This guffer's experience of taking kids anywhere is a lottery. Will they behave, groan at being bored, fall asleep upon arrival, be a joy for one and all..the list could go on for a long, long time. A recent break provided an ideal opportunity for a 'Daddy Day', a rare treat for me and my eldest to escape the tantrums of the two year old and for my wife to escape from all of us. A trip to the flicks, lunch (why are they called happy meals?), a spot of shopping for toys and then a trip to a museum. It was a pretty packed day that ended during the last opening hours of the Riverside Museum: Scotland's Museum of Transport and Travel on the banks of the Clyde.
For those of us that remember the old Transport Museum at Kelvinbridge, the Riverside may come across initially as disappointment. For example, the wow factor of the Clyde room and the journey through that inspiring experience has been lost.
|The old Clyde Room - a place to lose hours and gain an even greater respect for the Clyde workforce|
The unrestricted access to all manners of exhibits and the smell of machinery has also been sanitised. There was a wholesome and honest feel about the old venue. OK, it looked a bit shabby, but you could get up an personal with the exhibits. A classic case of substance over style and a memorable relationship between exhibit, artifact and visitor.
One of my passions is capturing those unexpected and lovingly considered manufactured details. I sometimes have an image of an apprentice - the design/engineering workshop 'lad' being given a task that they set upon with the all the love and conviction of a new parent. Details like the handlebar mounts on an Ariel Square four or the grab handle on an Argyll (above) come to mind and are thankfully still viewable, and if you are on the look out for a moment with out a security guard being present - stroke able! This is where my main criticism of the new Riverside Museum is aimed, so many wonderful exhibits are placed in areas where they cannot be viewed up close and personal. The dynamic of some objects and placements is undoubtedly clever, but beyond that, there is very little engagement.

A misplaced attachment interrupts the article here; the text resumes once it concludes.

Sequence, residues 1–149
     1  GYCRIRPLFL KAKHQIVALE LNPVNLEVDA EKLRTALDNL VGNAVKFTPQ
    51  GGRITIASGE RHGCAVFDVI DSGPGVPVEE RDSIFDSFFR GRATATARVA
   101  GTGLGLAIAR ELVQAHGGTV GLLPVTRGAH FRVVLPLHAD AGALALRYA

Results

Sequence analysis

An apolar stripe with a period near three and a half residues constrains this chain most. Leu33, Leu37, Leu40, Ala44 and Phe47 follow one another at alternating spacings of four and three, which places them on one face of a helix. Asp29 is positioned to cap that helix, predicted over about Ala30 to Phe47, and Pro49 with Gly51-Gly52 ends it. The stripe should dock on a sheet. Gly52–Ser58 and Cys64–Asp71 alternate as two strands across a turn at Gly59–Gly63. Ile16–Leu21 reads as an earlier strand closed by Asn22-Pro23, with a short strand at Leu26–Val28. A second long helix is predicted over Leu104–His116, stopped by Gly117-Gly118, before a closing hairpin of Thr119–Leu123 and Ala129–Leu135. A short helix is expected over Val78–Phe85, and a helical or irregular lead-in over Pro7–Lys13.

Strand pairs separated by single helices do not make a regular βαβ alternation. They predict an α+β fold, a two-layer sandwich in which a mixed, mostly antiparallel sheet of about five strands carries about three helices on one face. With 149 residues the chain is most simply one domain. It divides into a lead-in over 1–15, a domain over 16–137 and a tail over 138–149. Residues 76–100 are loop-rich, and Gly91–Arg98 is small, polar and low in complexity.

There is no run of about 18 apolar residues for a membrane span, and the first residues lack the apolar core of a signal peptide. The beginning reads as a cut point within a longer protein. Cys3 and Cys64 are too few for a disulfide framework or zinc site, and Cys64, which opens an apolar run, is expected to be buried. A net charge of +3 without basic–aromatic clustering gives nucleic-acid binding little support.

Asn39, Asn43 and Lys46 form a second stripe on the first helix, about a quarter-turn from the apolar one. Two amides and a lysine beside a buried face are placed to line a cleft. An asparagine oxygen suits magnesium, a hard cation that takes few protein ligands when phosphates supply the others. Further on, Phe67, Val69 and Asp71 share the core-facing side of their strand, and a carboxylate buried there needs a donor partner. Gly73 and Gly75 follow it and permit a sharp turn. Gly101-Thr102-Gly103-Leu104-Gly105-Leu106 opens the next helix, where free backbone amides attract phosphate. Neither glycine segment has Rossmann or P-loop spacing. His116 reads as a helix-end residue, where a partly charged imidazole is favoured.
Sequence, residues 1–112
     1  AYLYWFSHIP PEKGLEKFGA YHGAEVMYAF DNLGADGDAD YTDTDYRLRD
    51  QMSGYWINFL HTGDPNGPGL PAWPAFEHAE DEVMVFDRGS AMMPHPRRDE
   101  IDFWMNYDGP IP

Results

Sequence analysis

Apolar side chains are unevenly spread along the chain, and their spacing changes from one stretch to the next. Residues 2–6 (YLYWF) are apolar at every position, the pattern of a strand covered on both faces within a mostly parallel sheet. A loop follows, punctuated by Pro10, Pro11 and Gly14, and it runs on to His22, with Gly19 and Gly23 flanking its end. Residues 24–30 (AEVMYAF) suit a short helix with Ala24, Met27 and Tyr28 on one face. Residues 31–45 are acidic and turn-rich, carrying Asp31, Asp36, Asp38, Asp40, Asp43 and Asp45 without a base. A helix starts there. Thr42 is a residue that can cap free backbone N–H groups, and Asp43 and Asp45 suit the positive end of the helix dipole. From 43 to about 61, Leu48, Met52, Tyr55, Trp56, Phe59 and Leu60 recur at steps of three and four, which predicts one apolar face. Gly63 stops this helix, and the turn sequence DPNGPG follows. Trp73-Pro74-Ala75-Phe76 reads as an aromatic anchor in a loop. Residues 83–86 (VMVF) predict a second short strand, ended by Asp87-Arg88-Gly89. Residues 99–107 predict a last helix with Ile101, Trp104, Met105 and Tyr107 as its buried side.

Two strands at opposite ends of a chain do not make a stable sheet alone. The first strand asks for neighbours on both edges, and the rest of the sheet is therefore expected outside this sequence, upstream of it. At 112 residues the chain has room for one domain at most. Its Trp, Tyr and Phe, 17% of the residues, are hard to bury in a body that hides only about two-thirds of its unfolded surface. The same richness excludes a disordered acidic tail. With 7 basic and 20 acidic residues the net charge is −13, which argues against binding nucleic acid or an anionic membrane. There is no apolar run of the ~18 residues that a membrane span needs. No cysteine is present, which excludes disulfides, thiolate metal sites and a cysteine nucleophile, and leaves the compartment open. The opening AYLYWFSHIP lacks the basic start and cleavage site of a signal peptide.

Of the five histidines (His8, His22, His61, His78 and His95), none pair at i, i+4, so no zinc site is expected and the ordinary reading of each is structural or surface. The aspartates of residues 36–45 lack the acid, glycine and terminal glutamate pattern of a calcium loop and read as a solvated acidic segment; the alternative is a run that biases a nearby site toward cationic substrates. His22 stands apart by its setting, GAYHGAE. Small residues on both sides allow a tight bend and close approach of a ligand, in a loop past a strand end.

There is an area that provides an abstract impression of a locomotive assembly hall, with a large gantry hoist (walkway) over head and the enormous South African Locomotive dwarfing everything else and ruling court as it prepares to thunder out through the fantastic glazed gable overlooking the Glen Lee ship and River Clyde. An experience such as this, the unquestionable sense of scale and power would not have been possible in the old venue. The SA Loco only recently returned to Glasgow. Old exhibits, of the larger scale from Kelvinbridge still have the chance to shine. The Highlands Railways 103 Caledonian sleeper close to the entrance is an object of dignified and historic beauty.
For those of us that are going to view Flying Scots, Graeme Obree's old faithful, an early and delicious windcheetah by Mike Burrows will not be disappointed. The wall displays of motos and cars don't look easy to 'rotate', so those closer to eye level will be far easier to appreciate. The bikes on the velodrome(ish) light display are so far away, that any sense of appreciation and engagement with the collection is better served through buying a postcard. Finally, those that are responsible for looking after vehicles with pneumatic tyres, could you please ensure that they are inflated. This may seem like a strange request, but a Ducati 916 (or any bike for that matter) with less that 4 psi in its boots just looks wrong, very wrong.
If a museum could be praised on how kids interact, the Riverside Museum is a major hit. My daughter loved it and judging by the expressions, activity and sheer enthusiasm of other young visitors, she was not alone. The only thing that was missing from the enchanting old street was jam pieces, hopscotch and skint knees. The summer hols are about to start, so it looks like a return visit is on the cards.